Most people are uncomfortable with the white balance settings and just leave it on automatic. This is fine most of the time, but there are occasions when another setting will result in a much better image capture.
If there are only one or two dominant colours in the image, if there is no white at all or if there is more than one light source in the shot, take it off automatic. Believe me, it is much easier to resolve that issue with the white balance settings in the camera before taking the shot than it is to wrestle with masking areas for colour balance in an image editing program.
If you are shooting in RAW, you can set your white balance on the camera or you can do it later in editing. You will get the colours exactly as they are in the light conditions that are present when you shoot.
What is white balance?
You can find excellent tutorials about colour, like this PDF from X-Rrite, if you want to learn in depth. Here we are going to focus on the practical aspects, rather than delve into all the whys and wherefores. Basically, the colours in your photograph will be correct if white is correct. It’s just that simple.
Have you ever noticed that certain light gives things a colour cast? Department stores were notorious for having terrible lighting that turned healthy complexions into sickly green and we can thank the old fluorescent tubes for that colour shift. Now we have fluorescent that ranges from warm to very cool. Incandescent light is very warm, so while that can be more flattering than green, the colours are too red. Bright daylight is very blue and can be quite cold and harsh. You see? Even if the eye is not aware of these differences, the camera records it faithfully and that can ruin your photo.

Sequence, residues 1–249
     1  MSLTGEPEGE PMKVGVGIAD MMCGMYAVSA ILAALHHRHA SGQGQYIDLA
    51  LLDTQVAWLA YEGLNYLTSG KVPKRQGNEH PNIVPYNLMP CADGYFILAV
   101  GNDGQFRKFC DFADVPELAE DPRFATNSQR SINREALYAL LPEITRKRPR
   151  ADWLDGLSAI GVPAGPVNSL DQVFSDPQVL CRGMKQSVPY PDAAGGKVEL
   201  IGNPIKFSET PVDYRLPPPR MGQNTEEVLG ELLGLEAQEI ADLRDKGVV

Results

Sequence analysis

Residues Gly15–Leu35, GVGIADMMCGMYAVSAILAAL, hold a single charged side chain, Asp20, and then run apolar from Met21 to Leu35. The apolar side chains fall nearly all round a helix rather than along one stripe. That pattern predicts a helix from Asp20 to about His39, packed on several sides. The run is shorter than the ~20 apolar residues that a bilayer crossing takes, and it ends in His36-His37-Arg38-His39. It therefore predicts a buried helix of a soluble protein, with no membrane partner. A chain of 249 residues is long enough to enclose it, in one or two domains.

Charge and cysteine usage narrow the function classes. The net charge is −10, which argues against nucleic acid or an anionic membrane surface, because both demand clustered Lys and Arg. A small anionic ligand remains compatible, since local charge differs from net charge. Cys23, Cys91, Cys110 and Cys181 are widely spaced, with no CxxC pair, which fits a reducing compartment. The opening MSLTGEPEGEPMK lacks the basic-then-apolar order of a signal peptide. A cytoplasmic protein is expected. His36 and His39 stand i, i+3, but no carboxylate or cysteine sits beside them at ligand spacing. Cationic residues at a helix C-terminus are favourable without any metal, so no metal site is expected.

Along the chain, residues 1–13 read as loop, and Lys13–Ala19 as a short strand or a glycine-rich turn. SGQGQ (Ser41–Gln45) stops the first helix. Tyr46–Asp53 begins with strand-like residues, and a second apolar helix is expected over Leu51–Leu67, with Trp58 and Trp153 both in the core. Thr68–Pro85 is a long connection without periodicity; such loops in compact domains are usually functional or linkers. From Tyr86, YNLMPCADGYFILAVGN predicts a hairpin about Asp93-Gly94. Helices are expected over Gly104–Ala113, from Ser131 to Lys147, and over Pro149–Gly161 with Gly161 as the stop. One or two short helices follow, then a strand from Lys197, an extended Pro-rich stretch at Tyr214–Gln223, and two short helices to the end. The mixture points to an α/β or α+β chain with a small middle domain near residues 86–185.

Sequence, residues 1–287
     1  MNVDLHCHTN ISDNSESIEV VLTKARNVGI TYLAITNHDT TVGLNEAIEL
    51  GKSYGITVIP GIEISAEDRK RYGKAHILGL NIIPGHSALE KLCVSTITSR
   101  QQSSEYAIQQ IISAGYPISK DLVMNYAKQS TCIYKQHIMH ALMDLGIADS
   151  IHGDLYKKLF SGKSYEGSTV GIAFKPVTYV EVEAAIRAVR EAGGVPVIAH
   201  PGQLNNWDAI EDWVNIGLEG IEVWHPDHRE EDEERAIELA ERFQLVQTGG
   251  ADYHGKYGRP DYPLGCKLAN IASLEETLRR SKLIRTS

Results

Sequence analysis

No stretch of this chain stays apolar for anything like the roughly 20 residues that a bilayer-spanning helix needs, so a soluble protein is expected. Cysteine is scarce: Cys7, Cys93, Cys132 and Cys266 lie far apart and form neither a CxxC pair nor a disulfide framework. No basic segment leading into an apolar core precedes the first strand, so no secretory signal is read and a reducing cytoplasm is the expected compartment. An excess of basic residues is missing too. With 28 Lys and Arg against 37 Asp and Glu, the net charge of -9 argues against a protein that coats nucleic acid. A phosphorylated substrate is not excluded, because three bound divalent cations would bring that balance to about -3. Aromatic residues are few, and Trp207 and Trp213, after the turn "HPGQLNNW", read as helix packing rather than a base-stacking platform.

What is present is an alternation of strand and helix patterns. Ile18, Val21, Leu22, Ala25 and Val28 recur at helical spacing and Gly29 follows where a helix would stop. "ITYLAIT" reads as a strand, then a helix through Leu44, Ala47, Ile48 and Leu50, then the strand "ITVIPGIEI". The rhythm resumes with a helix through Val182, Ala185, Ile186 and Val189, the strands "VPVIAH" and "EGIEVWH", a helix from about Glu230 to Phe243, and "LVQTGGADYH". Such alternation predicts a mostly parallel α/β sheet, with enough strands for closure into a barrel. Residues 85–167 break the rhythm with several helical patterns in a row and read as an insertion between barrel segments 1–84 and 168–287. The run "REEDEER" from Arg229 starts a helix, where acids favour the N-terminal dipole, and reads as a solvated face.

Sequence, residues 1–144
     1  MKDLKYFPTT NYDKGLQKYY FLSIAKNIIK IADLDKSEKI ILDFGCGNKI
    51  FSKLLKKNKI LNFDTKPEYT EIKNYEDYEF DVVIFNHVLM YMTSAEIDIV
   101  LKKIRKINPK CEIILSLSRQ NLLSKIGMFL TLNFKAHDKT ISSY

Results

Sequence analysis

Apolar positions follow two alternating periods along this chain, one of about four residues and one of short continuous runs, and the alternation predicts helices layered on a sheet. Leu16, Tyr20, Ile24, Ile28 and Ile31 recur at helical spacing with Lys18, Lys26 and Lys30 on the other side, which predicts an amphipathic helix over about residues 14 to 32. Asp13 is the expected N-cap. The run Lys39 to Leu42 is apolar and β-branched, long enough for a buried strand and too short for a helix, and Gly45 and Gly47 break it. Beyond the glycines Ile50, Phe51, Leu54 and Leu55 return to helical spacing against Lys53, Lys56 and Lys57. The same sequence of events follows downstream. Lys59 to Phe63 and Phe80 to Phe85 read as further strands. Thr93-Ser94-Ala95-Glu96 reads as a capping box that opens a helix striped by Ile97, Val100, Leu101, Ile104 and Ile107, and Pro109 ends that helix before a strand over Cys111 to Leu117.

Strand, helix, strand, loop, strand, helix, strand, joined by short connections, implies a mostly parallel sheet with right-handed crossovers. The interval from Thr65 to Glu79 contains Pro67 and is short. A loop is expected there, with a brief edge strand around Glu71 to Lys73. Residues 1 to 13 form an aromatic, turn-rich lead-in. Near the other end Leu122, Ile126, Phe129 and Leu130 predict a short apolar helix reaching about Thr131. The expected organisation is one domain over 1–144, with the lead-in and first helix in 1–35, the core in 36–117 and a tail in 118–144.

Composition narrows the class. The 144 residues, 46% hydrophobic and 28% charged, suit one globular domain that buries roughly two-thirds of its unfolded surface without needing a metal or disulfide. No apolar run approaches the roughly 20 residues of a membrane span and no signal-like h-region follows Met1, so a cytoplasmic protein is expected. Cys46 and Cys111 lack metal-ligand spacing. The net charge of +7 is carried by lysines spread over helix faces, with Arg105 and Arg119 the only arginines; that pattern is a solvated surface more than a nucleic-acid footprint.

When we set a white balance, we are really choosing a filter that will render white faithfully under different colour temperatures.
What is white in RGB values? It is what happens when you combine red, green and blue all at a value of 255. While I did say we weren’t going to get into this, it is important to understand the basic concept of light and temperature. A temperature system was devised that measures degrees on a Kelvin scale and this is what is used to measure light. Reds have lower temperatures than blues. Incandescent bulbs light our rooms at about 2700K while daylight at noon on a clear day can reach 6000K. Lighting in a television studio or photo studio is about 3500K. Heavily overcast days can be around 10,000K.
As we mentioned in the beginning, when you have very different light sources converging on the subject you are shooting, guessing won’t work. You need to set a custom white balance for good results. The easiest way to set a custom white balance is to use a white card. Hold it up in front of your subject so it fills the centre of your viewfinder and focus. If focusing is difficult, switch to manual focus. Take the shot. The white balance is set and now you are ready to shoot. It’s that simple.
If the white is correct, that means the balance of red, green and blue will be captured perfectly under the current light conditions. Isn’t that easy?